Produced by Chuck Stevenson, Jenna Jackson, Anthony Venditti and James Stolz
(This story originally aired March 20, 2010.)
In the summer of 2005, police were called to an apartment in Austin, Texas. Inside, a woman's body lay in the bathtub; her hands and head severed. Police would soon learn the butchered victim was 21-year-old Jennifer Cave.
For Travis County Prosecutor Bill Bishop, the case is indelible.
"As far as murders go, this is a very clean murder. He shot her through the arm, bullet traveled into the chest, through the heart pretty much killing her instantly. It was the post-murder behavior that made it so grotesque.
"The mutilation was anger... it wasn't any effort to hide the body or get rid of the body. It was just playing with it, like it was toy," Bishop tells "48 Hours Mystery" correspondent Maureen Maher.
The apartment belonged to Colton Pitonyak, a University of Texas business student. But Colton was nowhere to be found.
"The kitchen I think was the oddest room to me because it was sparkling clean," Bishop tells Maher.
"Really? A boy's dorm room was sparkling clean? His kitchen?" Maher asks in disbelief.
"Even looked like the floors had been mopped. They found a machete that was in the dishwasher."
Police urgently needed to know everything about Colton and Jennifer.
"I have never heard anyone say anything but that she was one of the nicest people they knew," Bishop says of Jennifer.
But as the investigation grew, the most intriguing player would be Laura Hall.
"In your mind you're 100 percent convinced that Laura Hall was absolutely a part of the dismemberment and mutilation?" Maher asks.
"I believe she was," Bishop replies.
"48 Hours" has been following Laura Hall's case since 2005, and yet it is still difficult to know just exactly who Laura is or what role she played that awful August night in Austin. The events are so hard to believe. And many say, so is Laura.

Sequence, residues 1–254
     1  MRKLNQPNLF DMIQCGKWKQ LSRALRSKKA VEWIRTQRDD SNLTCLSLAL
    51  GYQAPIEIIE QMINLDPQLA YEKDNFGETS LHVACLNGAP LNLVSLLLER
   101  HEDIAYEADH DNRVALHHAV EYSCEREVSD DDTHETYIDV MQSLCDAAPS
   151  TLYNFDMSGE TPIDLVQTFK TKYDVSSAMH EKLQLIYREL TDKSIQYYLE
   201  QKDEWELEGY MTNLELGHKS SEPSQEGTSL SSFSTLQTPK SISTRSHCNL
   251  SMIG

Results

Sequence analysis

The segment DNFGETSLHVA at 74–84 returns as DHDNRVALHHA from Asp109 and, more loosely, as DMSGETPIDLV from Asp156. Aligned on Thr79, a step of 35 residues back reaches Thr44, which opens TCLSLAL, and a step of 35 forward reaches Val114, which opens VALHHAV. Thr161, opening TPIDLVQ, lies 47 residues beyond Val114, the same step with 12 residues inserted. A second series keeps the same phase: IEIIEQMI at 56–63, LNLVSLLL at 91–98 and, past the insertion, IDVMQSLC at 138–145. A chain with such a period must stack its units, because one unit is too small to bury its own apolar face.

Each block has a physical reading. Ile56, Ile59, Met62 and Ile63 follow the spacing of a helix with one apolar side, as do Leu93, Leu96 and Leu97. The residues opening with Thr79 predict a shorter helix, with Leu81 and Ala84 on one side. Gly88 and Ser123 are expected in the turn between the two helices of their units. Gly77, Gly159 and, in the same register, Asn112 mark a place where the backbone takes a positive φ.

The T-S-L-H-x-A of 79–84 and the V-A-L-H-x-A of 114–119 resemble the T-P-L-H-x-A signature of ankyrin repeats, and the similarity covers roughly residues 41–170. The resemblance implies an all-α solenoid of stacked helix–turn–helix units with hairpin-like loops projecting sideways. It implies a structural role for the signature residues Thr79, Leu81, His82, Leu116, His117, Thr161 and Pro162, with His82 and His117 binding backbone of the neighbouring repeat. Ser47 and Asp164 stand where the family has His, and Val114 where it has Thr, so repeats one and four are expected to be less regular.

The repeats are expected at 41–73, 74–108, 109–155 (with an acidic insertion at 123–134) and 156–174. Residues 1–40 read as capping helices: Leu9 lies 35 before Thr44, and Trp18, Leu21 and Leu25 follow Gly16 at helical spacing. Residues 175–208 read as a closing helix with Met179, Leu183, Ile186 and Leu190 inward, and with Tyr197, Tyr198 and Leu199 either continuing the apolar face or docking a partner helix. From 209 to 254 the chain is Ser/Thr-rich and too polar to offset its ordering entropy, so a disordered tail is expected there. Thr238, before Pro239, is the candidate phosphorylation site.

As Laura tells it, she had nothing to do with the horrific crime. But she admits she is guilty of falling in love with the wrong man. "Oh, I loved the guy," she says. "I loved Colton Pitonyak."
Laura and Colton met at a party in the spring of 2005. She was also a student at UT, a government major with hopes of becoming a lawyer.
"I was really attracted to Colton from the beginning. I thought he was a very sexy guy. He was hot. We immediately just got together. Right away. It was great," she says smiling. "We would spend days together at a time. We'd just stay in the house all day. Yeah," she continues with a laugh, "I felt I was on top of the world when I was with Colton."
"Until you get to know Colton," she continues, "you can't see on the surface that there's something wrong underneath."
So without knowing anything was wrong, Laura says she showed up at Colton's apartment just before dawn on Aug. 17, 2005. He'd called her saying he needed to talk.
"He answered the door really kind of paranoid and fearful. And I'm kind of like, sitting up, 'Colton, what's the deal, what's going on?' I'm kind of starting to freak out a little bit. And he says, 'Come here. Come here.'"
Laura says Colton led her into the bathroom.
"There was a dead woman curled up in his bathtub. And I said. 'That's a mannequin.' I mean, that's how much I did not believe or wanna believe... I was like, 'Man, oh my God, you know, 'What happened?'"
Laura says Colton had been drinking and says he didn't remember what had happened.
"I remember him goading me out of the bathroom with a knife that had blood on it up to the hilt... The last thing you wanna think is this person that I've had sex with has, you know, killed somebody. So you kind of want to know, who came in here and did this? And the other thing you kind of think is, 'Well, there's one. Am I next?'"
But then, surprisingly, Laura says Colton just let her go.
Laura says she went home. "I mean I still - I was in denial, OK."
Asked if it never occurred to her to call police, family or friends, Laura says, somewhat defensively, "It didn't seem like a good move. I mean, look, I didn't know what was gonna happen if I called the police, OK? There was nothing I could have done to save her life at that point."
Maher asks, "Did you have any concern for the girl who was dead?"
Laura sighs before answering. "I wasn't able to even process - and even today, I have not processed the emotions. I didn't know who she was."